You sound like the old Pietists who just want to escape this sinful world and their sinful bodies to live as disembodied spirits with Jesus.

I think The Resurrection and the hope of resurrection gives us more to hope for than that.

I agree with you and Brian that the intimacy and fellowship that we will experience with him and everyone else in that perfectly restored and redeemed new creation will so far surpass the sexual act that it will pale in comparison.

But the part I was referring to in my post is the difficulty in imagining my wife being just like any other sister in Christ, instead of the exclusive, covenant relationship we now share. Can you married people project yourselves into that, or am I missing something.

Joseph, perhaps I read more into your comments than you intended. Please don't hear my post as a personal attack. But whatever you intended, I think what I said above needs to be said. I personally think that what I've said is founded on biblical teaching regardless of one's position on origins.

Joseph Holbrook said...

ok, np. i stand corrected. I didn't think about it very much, I was just talking off the cuff.

John M. said...

That's allowed! I've done that a few times myself! :)

Brian Emmet said...

Let's stickwith some questions that we may be able to answer! Not sure how much farther we can get with the "sex and heaven" discussion...

But given the fact that Jesus rose from the dead, what kinds of life applications flow from that reality. How might this sentence be completed: "Because Jesus rose from the dead, we can (or we are thereby called to) ___________." There is clearly no one right answer here; I'm looking for proposed applications, things we can/should be doing.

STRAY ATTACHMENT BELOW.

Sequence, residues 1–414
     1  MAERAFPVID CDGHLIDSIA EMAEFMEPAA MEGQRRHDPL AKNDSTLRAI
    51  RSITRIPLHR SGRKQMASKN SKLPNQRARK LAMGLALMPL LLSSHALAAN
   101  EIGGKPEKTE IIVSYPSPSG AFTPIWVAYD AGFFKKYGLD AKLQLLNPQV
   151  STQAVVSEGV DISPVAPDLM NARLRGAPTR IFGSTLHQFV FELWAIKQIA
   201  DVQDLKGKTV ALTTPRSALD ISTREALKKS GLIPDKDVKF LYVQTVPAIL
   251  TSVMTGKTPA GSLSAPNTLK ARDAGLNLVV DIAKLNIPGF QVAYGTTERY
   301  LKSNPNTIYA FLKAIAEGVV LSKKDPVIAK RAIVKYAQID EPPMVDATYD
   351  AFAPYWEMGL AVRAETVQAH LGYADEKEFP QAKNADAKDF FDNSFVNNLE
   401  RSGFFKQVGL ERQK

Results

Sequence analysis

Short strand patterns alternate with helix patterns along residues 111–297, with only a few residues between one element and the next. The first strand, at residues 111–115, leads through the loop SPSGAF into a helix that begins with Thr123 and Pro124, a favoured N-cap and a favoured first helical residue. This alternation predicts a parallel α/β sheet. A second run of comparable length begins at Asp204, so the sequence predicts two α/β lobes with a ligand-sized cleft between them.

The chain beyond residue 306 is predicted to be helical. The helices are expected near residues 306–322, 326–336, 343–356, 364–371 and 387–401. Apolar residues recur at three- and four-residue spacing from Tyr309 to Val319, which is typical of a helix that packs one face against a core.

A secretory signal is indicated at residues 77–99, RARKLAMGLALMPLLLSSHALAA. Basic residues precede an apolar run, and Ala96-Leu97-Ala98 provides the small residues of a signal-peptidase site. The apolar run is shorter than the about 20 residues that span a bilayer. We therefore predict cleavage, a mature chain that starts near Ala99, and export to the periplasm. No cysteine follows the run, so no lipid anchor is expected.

(If there are those out there who want to kick around whether we can actually know that Jesus rose, we can go there, too.)

John M. said...

Brian, I already gave my best shot at answering what you're asking in my "serious" post right after Billy Long's. (Not the constipation one!) Whoever is interested in my response to Brian's current question can go back and read that post. I don't have anything else to say at the moment.

Billy Long said...

By the way. I was home for a long weekend a couple weeks ago, and will go home for a long weekend this next Friday. Thank God!
The project wants to be able to get us field guys home every two weeks. Would be nice.

Re S_ _ and heaven, there are many areas where the Lord did not see a need to provide answers---at this time. It is amazing how He left so many things vague, such as all the issues churches argue about or differ on, church gov't and structure being an example. If all the answers were written, we would slack up on the relationship, which we tend to do anyway. He has made it so we will always depend on a real and living relationship with Him to make it along the path. He figured He'd help us along rather than our fastening our heart and eyes on a clear "blueprint" for everything.

John M. said...

IT'S FRIDAY, SUNDAY'S COMIN'!

John M. said...

Thanks Billy,
Good wisdom and insight as always from you.
Glad you're getting some time at home. Have wonderful weekend with your bride!
Blessings,
John

Laurel Long said...

Billy and I agree that what we are doing now, long separations without the privileges and pleasures of marriage, is preparing us to be best buds in heaven, not to mention providing for our family. This is not the way we planned it, but we are trying to follow the Lord in His travel plans for our life's journey together. Our Life in Him is more than life itself. We keep practicing for the time when we will be just "friends." In the meantime, whenever we are together, believe me we enjoy our togetherness in the most carnal and passionate way.

Billy Long said...

Thanks, John. I appreciate your kind words. I've appreciated all the guys comments.
BL

John M. said...

Here you go Brian,